Of course, all that can't last. One big issue Oliver Queen (Stephen Amell) faces is dealing with the aftermath that not only put his family in ruins, but also Queen Consolidated. While he spends his nights fighting crime, Oliver is also attempting to buy back his company, but he finds himself out-maneuvered in the board room by genius millionaire, Ray Palmer (Brandon Routh, Superman Returns) who acquires the company and renames it.
While Oliver does spend some time recouping from this emotional blow, he also sees it as a way to spend more time in the green hood fighting crime. Alongside The Arrow include Roy Harper (Colton Haynes) as the red-hooded Arsenal and John Diggle (David Ramsey), with of course, Felicity (Emily Bett Rickards) keeping an eye on everyone at the computers. Before the first episode is up, not only does Oliver lose his family's company, but Sarah Lance/Canary (Caity Lotz) returns to Starling City, and is brutally killed by an unknown assailant.
The investigation into Sarah's death is what kicks the season off, and it even sends a few characters off in new directions. Not only does it spark the vengeful lust of her lover, Nyssa al Ghul (Katrina Law), but it also starts pushing Laurel (Katie Cassidy) into a path of replacing her sister and becoming the next Canary. To add even more wrinkles in Oliver's life, Thea (Willa Holland) returns to the city after secretly training under her father, Malcolm Merlyn (John Barrowman) for several months. On the surface, she looks to be the same Thea, just a bit more grown up, but the viewer quickly sees just how strong and independent she has become.
As Nyssa's investigation into Sarah's death grows more intense, Team Arrow finally learns who the killer is, and Oliver decides that he has to protect the person with his own life. He confronts Nysaa, claiming to be the killer, and in response, she tells Oliver that the only way to expunge himself is to face her father, Ra's al Ghul (Matthew Nable), in a fight to the death.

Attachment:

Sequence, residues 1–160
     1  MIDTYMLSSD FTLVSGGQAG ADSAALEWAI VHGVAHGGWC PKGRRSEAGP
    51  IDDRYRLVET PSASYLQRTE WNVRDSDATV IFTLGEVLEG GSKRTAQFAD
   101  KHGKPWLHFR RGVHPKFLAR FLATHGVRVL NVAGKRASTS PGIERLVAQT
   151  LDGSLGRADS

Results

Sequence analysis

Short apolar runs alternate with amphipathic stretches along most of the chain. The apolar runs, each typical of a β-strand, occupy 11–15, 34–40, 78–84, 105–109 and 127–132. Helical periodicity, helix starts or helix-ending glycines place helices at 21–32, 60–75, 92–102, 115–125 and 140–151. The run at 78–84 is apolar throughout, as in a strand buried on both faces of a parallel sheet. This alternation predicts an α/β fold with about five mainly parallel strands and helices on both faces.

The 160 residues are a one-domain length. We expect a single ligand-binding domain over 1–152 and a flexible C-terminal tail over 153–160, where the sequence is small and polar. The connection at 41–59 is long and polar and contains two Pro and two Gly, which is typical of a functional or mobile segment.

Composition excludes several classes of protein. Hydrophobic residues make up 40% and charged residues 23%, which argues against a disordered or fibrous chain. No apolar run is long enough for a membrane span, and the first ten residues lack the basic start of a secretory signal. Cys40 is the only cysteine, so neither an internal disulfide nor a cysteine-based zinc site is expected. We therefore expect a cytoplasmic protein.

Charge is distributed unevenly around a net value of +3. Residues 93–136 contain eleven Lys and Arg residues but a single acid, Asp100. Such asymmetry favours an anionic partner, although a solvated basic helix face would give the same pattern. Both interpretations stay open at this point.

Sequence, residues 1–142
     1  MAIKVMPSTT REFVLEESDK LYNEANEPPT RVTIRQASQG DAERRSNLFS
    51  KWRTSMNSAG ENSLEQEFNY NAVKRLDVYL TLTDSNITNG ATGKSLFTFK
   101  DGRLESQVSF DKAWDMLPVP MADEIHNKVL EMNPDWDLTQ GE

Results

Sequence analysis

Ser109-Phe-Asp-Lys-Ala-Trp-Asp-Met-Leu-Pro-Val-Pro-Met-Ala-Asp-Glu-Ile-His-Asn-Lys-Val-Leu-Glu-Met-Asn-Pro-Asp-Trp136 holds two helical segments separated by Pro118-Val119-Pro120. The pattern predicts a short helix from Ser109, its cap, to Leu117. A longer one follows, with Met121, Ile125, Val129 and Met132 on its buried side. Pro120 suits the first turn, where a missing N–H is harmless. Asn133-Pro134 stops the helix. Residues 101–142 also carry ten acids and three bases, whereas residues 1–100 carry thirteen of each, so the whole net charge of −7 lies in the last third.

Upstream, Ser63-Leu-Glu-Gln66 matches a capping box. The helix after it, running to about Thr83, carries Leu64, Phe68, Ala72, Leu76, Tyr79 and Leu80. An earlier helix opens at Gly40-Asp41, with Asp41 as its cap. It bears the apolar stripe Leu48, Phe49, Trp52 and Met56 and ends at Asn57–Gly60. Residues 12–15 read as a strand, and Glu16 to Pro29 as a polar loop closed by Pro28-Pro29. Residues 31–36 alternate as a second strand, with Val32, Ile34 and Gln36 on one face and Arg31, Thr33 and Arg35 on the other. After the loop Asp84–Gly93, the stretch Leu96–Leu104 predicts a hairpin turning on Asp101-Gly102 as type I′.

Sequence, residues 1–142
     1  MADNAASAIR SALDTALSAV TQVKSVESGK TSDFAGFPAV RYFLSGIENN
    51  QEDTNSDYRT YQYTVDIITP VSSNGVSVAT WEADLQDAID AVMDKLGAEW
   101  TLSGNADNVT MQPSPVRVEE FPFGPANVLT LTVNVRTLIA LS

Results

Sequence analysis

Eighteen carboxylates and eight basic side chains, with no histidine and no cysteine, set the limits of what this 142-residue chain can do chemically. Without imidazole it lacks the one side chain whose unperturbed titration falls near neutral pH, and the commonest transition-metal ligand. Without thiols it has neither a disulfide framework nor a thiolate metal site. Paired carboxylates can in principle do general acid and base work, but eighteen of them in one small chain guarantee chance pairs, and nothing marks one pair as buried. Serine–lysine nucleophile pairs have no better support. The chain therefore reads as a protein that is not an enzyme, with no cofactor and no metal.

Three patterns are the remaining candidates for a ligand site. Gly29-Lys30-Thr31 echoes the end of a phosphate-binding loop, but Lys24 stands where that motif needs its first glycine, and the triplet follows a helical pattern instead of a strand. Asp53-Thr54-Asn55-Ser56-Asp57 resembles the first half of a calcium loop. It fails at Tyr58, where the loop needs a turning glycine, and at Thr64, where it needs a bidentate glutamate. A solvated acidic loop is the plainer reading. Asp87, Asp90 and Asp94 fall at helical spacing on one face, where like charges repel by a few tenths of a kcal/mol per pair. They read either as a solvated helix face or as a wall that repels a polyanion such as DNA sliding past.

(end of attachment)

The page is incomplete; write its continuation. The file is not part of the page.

As with past seasons, Arrow: The Complete Third Season's main plot is interwoven with flashbacks to Oliver's time away from his family. Last season ended Oliver's second year with him waking up in Hong Kong under the control of Amanda Waller (Cynthia Addai-Robinson), the head of the A.R.G.U.S. Agency. Here, he is put in the care of agent Maseo Yamashiro (Karl Yune) and his wife Tatsu (Rila Fukushima) where they teach Oliver all he needs to know in order to be a good A.R.G.U.S. operative, even if he doesn't want the knowledge or job. In the past, the flashback story has been closely tied to the events of the current plot, but a lot of this season's flashback didn't seem to fit with the current events. That being said, the longer the season goes, the more the connections between the two stories become apparent until the season's big finale.
Season Three also introduced a new element to Arrow, crossovers. Last season introduced Grant Gustin as Barry Allen, and ended his guest appearance with a lightning strike that DC followers knew would result in the CSI agent becoming The Flash. Well, paralleling this show's third season was The Flash: The Complete First Season, and the two series crossed over several times throughout the season. As with the case for most shows that delve into crossovers, order tends to matter if you want the full picture since there are times when Arrow will reference an event that just occurred in The Flash's crossover event since The Flash typically aired the night before this series.
Arrow: The Complete Third Season has several featurettes in its Blu-ray release. One is an in-depth look into the creation of Ra's al Ghul's Nanda Parbat setting. This lengthy special talks about the mountain-side entrance, the cliff Oliver must climb and the inner circle where Ra's holds his court. Another special feature is about the design that went into this season's superhero costumes. Everything from Roy's Arsenal suit, to the new Canary and Arrow outfits that Laurel and Oliver don is covered here. The last big featurette is all about adding Ray Palmer to the show's list of characters and how to make his comic book superpowers make sense in the Arrow series where superpowers aren't really relied upon all that much. Rounding out the special features are deleted scenes, audio commentaries, a gag reel and the 2014 Comic-Con panel.
Overall, I really enjoyed this season of Arrow, but I have to say that I still rank the first two seasons higher than this one. While the flashbacks give us more insight into Oliver's growing skillset, I feel like the first two seasons were far more cohesive in telling a bigger picture than either story did on their own. That all being said, any fan of the show should definitely watch Arrow: The Complete Third Season. All of the main characters change a lot throughout the season, and it will be interesting to see what the next installment has to offer.